Finance columnist explains capitalism to children: take things without paying, then sell them

Chicago Sun-Times columnist Terry Savage happened upon two little girls giving away lemonade at their roadside lemonade stand. She was affronted at this economic illiteracy: after all, the raw materials for the lemonade had come out their parents' pockets, so they should be charging for the product! The mentality that leads to children giving away their parents' things (rather than selling them) is what has led to America's economic decline, according to Savage:

I pushed the button to roll down the window and stuck my head out to set them straight.

"You must charge something for the lemonade," I explained. "That's the whole point of a lemonade stand. You figure out your costs — how much the lemonade costs, and the cups — and then you charge a little more than what it costs you, so you can make money. Then you can buy more stuff, and make more lemonade, and sell it and make more money…"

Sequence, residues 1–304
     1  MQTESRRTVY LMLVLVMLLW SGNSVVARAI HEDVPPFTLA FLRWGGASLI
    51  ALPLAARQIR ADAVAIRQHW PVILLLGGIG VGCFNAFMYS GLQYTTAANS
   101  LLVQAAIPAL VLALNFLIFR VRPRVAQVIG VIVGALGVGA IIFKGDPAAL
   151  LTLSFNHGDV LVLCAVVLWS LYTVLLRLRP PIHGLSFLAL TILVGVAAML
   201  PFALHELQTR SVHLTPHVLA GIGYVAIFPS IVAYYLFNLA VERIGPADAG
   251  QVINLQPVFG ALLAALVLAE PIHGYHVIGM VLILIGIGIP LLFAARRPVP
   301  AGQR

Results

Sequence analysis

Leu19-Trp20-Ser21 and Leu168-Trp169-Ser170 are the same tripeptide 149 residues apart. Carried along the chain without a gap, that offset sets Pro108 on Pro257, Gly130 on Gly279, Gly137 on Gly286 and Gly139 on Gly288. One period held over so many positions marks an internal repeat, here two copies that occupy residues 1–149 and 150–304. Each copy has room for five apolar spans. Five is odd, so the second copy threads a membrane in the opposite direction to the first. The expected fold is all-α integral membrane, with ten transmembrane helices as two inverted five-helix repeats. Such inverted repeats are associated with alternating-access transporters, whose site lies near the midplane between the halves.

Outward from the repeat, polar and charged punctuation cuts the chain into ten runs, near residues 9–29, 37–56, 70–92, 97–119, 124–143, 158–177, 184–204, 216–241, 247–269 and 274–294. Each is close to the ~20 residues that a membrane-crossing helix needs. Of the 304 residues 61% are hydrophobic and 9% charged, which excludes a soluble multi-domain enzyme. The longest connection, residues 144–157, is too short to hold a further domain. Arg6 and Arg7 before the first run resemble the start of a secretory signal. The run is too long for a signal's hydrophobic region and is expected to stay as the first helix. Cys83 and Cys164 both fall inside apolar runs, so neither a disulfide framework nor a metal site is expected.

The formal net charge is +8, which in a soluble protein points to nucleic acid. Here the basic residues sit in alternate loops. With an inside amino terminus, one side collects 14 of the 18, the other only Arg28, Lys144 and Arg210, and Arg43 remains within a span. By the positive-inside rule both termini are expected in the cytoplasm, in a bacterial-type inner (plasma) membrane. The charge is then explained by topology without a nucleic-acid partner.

No wonder America is getting it all wrong when it comes to government, and taxes, and policy. We all act as if the "lemonade" or benefits we're "giving away" is free.

Get that, kids? The correct thing to do with the stuff you appropriate from others is sell it, not give it away! Sounds about right — companies take over our public aquifers and sell us the water they pump out of them; telcos get our rights of way for their infrastructure, then insist that they be able to tier their pricing without regard to the public interest. Corporatism in a nutshell, really.

There is no 'free' lemonade